Born in East Meadow, New York and fighting out of Richmond, Virginia, Aleem was introduced to boxing at a young age by his parents. Since turning pro in 2012 at age 18, the 23-year-old has wiped out all of the competition in front of him. In January he defeated then unbeaten Ievgen Khytrov in a memorable back and forth battle that saw Aleem emerge victorious with a sixth-round TKO win. Aleem had previously defeated once-beaten Jonathan Cepeda and fought to a majority draw with Demond Nicholson in 2016.
The 26-year-old Centeno bounced back from his first defeat with a stoppage of Ronald Montes after three rounds in December 2016. Centeno won his first 24 pro fights after amassing a 90-8 amateur record including a highlight reel knockout of James De La Rosa and a decision over then unbeaten Gerardo Ibarra. The fighter out of Oxnard, California will fight in Las Vegas for the first time since a no contest against Julian Williams in 2013 that was called because of an accidental head butt.
Mickey Bey to Face Anthony Peterson on August 22nd
Former lightweight world champion Mickey Bey (22-2-1, 10 KOs) will face once-beaten contender Anthony Peterson (37-1, 24 KOs) in a 10-round lightweight matchup that headlines Premier Boxing Champions TOE-TO-TOE TUESDAYS on FS1 and BOXEO DE CAMPEONES on FOX Deportes August 22 from Sam’s Town Live in Las Vegas in Las Vegas.
Televised coverage begins at 9 p.m. ET/6 p.m. PT as part of an exciting week of events presented by Mayweather Promotions and leading up to the Mayweather vs. McGregor showdown on Saturday.
“It’s been over a year since I was in the ring and I’ve had a lot of time to reflect on my career as a fighter and as a man,” said Bey. “I realize what’s important now and how I can protect my legacy as a fighter. I’ve put in more work fir this fight than I have for any other and I’m ready to let my performance speak for me. I’m focusing on my mental toughness and my ring IQ and I’m looking to put on a perfect performance on August 22.”
“I’m just happy to be back in the ring and fighting again,” said Peterson. “I’ve known Mickey Bey for years and he’s a good friend of mine. But business is business and on August 22 I will be all business when I step into the ring.”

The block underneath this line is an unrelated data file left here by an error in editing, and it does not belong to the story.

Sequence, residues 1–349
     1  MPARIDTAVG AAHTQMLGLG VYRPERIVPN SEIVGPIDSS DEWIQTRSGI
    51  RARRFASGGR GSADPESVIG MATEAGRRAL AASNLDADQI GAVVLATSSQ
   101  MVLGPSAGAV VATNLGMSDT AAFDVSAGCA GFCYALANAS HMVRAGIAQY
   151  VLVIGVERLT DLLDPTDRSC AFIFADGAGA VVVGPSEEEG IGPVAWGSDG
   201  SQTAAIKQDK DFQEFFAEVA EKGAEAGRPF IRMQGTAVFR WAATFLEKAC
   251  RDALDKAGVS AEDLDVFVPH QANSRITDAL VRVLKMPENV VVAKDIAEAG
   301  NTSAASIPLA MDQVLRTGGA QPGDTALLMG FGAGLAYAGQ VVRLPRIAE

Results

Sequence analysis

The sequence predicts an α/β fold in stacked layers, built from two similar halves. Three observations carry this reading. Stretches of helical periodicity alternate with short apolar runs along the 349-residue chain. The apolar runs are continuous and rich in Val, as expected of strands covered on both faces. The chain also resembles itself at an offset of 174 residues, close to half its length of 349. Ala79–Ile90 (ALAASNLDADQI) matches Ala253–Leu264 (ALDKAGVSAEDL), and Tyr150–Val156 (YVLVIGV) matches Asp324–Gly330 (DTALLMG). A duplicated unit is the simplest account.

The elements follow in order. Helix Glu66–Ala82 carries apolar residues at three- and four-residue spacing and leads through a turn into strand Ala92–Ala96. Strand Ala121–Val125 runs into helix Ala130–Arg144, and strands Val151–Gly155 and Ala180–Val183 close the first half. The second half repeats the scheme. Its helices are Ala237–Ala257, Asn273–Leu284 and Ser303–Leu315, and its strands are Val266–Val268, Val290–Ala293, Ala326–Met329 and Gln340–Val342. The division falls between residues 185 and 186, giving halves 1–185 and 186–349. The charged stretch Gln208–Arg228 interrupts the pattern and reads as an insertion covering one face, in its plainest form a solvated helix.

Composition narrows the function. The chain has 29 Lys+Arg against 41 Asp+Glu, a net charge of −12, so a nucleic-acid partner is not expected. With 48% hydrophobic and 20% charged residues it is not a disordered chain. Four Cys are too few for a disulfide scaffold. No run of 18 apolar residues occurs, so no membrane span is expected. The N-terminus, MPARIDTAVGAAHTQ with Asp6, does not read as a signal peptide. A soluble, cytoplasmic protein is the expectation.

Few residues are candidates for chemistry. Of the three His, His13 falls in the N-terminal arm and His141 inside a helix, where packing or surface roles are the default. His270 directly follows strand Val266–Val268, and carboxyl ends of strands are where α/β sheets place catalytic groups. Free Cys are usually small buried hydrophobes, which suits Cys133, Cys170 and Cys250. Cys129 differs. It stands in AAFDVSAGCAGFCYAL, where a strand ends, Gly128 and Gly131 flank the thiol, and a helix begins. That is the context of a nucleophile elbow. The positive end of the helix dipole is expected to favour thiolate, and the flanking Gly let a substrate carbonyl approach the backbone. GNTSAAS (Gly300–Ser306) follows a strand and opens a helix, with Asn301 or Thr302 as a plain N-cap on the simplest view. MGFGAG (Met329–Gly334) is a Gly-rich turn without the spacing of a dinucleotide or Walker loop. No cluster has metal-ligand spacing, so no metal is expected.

The August 22 show will feature a showdown between former world champion Juan Carlos Payano (18-1, 9 KOs) and Phoenix’s Alexis Santiago (21-4-1, 8 KOs) in 10 rounds of bantamweight action.
Tickets for the live event, which is promoted by Mayweather Promotions, are priced at $125, $100, $75 and $50 and are on sale Friday, August 4 at 12 p.m. PT. Tickets are available online at www.samstownlv.com/entertain.
“This is an incredible event to kick-off the biggest fight week in the history of boxing,” said Leonard Ellerbe, CEO of Mayweather Promotions. “We are proud to announce that some of Mayweather Promotions’ top prospects will be featured on their own FS1 and FOX Deportes card, giving the fans nonstop action and excitement for the whole week. We have a great lineup in store with Mickey Bey and Anthony Peterson in the main event, and former world champion Juan Carlos Payano taking on Alexis Santiago in the co-feature. It is truly going to be an action filled night of boxing.”
Originally from Cleveland but fighting out of Las Vegas, Bey steps back into the ring after challenging unbeaten two-division champion Rances Barthelemy last June. Bey won his world title in 2014 with a decision victory over long reigning champion Miguel Vasquez. He vacated his title due to injuries but returned in December 2015 to defeat previously unbeaten Naim Nelson by decision and earn his most recent title fight. Bey’s previous victories include triumphs over Alan Herrera, Carlos Cardenas and Hector Velazquez.
The brother of current welterweight titlist Lamont Peterson, Anthony enters this fight the winner of his last seven bouts, including a dominant decision over once-beaten Samuel Neequaye last April. The fighter out of Washington, D.C., was unbeaten in his first 30 pro fights before dropping a title eliminator to Brandon Rios in 2010. He returns to the ring looking to take out a former champion on his way to another shot at a title.
The two-time Dominican Olympian Payano began his path towards another world title with a stoppage of Isao Gonzalo Carranza in January, after first becoming a champion via a technical decision over Anselmo Moreno in September 2014. The accomplished amateur won gold at the 2006 Central American and Caribbean games with victories over McJoe Arroyo and Yoandris Salinas. He defeated Jundy Maraon, Jose Silveria and Luis Maldonado on the way to his title shot and engaged in a pair of exciting fights with Rau’shee Warren that saw him defend his title in August 2015 and lose in June 2016.
A pro since 2009, the 26-year-old Santiago had won ten consecutive bouts before dropping a decision to Jose Cayetano in his last contest. The Phoenix-native defeated Gustavo Molina, Javier Gallo and Antonio Tostado Garcia in 2015 and and has also taken down once-beaten fighters Alex Rangel and Hanzel Martinez. He will make his 2017 debut against one of his most experienced foes to date in Payano.